Fair Courts E-lert: Public Financing Push in West Virginia
Article Illuminating President Obama’s Nomination Record
The San Francisco Chronicle featured an article highlighting President Obama’s judicial nomination record, specifically citing new figures on his nomination of former prosecutors. According to data from the Alliance for Justice, “Obama has nominated former prosecutors more often than either Ronald Reagan or George W. Bush. In Reagan’s two terms, 40.8 percent of the judges he appointed had once been prosecutors. Bush, who like Reagan sought to move the judiciary in a more conservative direction, chose ex-prosecutors for 44.7 percent of his judicial appointments. The figures were 37.3 percent for Bush’s father, George H.W. Bush, and 40.7 percent for Bill Clinton. Obama… has appointed or nominated 219 federal judges, of whom 100 - 45.7 percent - were former prosecutors[.]” The article points to Obama’s record on racial and gender diversity in judicial nominations, but notes criticism that Obama’s nominees have lacked professional diversity and that prosecutorial experience is often evidence of a conservative ideology. According to a professor quoted in the article, “‘Whether someone is more law-and-order-oriented tends to (show) whether that individual is more conservative overall’…One apparent reason for Obama’s judicial selections is a belief that former prosecutors will have an easier time winning Senate confirmation.”
Source: Bob Egelko, Obama Nominations Heavy On Ex-Prosecutors, San Francisco Chronicle, February 3, 2013.
New Senate Sub-Committee for Federal Courts and Bankruptcy
According to the Blog of Legal Times, “The Senate Judiciary Committee created a new subcommittee this year to specifically oversee the federal courts and the nation’s bankruptcy system, including administration and management, judicial rules, and the creation of new judgeships.” The article continues, “Last session’s Administrative Oversight and the Courts Subcommittee has been split into two separate subcommittees for this session. Senator Richard Blumenthal will chair the new Oversight, Federal Rights and Agency Action Subcommittee, while Senator Chris Coons (D-Del.) will become the chairman of the new Bankruptcy and the Courts Subcommittee.” Senator Coons is quoted as saying: “Our federal courts have traditionally been the last bastion for many Americans to assert their civil rights, but recent federal court decisions have made it harder to not only enforce federal civil rights, but also rights that people may have as a consumer or as an employee under state law…That has to change.”
Source: Todd Ruger, New Senate Subcommittee to Focus on Federal Courts and Bankruptcy System, Blog of Legal Times, February 1, 2013.
STATE JUDICIAL ELECTIONS
Public Financing Push in West Virginia
West Virginia’s State Election Commission has requested that the Legislature “continue to offer public funds to its Supreme Court candidates, and make permanent a pilot program offering such alternative financing from last year’s race,” according to the Associated Press. According to the article, “The pilot tapped an account maintained by the state auditor’s office for its funding, and around $2.6 million remains. That money will return to the state’s general revenue fund when the budget year ends June 30, if the pilot expires without being renewed.”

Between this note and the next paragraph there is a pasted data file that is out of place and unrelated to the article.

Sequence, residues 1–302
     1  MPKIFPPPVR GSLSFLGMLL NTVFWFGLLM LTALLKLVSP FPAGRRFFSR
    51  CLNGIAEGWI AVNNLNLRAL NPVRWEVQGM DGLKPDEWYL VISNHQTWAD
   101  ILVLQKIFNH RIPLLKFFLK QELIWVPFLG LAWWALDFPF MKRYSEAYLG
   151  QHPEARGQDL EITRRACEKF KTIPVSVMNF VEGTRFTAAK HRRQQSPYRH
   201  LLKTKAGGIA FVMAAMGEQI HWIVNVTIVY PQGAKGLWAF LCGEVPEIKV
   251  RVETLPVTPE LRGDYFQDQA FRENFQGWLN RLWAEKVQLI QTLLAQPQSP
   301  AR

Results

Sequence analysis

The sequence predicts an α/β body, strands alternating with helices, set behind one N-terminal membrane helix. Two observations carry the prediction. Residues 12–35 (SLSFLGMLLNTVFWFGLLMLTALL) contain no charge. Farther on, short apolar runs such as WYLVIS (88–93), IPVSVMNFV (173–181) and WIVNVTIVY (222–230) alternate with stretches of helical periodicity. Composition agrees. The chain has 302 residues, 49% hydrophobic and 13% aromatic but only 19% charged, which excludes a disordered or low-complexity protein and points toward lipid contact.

Source: Lawrence Messina, W.Va. Election Officials Want Permanent Public Financing Program for Supreme Court Candidates, Associated Press via The Republic, January 31, 2013.
American Constitution Society: Is Our Dysfunctional Process For Filling Judicial Vacancies An Insoluble Problem?
A new issue brief from the American Constitution Society, by Russell Wheeler, “documents the crisis affecting our federal courts: the high number of vacancies on the bench, the deteriorating conditions that make a federal judgeship less attractive to talented attorneys, and the delays in getting those nominated confirmed.” The brief proposes “near-term fixes such as the White House’s publicizing the status of its negotiations with senators over possible nominees, and longer-term remedies, such as the creation of a bipartisan task force to propose changes that would be debated in the 2016 elections and adopted by the next administration and incoming 2017 Senate.”
Source: Russell Wheeler, Is Our Dysfunctional Process For Filling Judicial Vacancies An Insoluble Problem?, American Consitution Society, January 24, 2013.
Judicial Impartiality, Campaign Contributions, and Recusals: Results from a National Survey
A new article by James L. Gibson and Gregory Caldeira is featured on the Social Science Research Network. The abstract says, “Legal scholars have of late become quite worried about how citizens form their impressions of the fairness of courts. This concern reflects the changing environments of courts, especially elected state courts, and what might generally be termed the politicization of the judiciary. The purpose of this article is to assess the effectiveness of judicial recusals at rehabilitating a court/judge tainted by perceived conflicts of interest associated with campaign activities by litigants. Based on an experimental design embedded in a nationally representative sample, our data first confirm that direct campaign contributions undermine perceptions of fairness; but, unexpectedly, so, too, does independent support for the candidate. Most important, recusal does indeed restore some perceived fairness; unfortunately, the repair to public perceptions is not to the level enjoyed when no conflict of interest exists. In a post-Citizens United world, these findings therefore point to significant threats to the legitimacy of elected state courts.”
Source: James L. Gibson and Gregory Caldeira, Judicial Impartiality, Campaign Contributions, and Recusals: Results from a National Survey, Social Science Research Network, March 2013.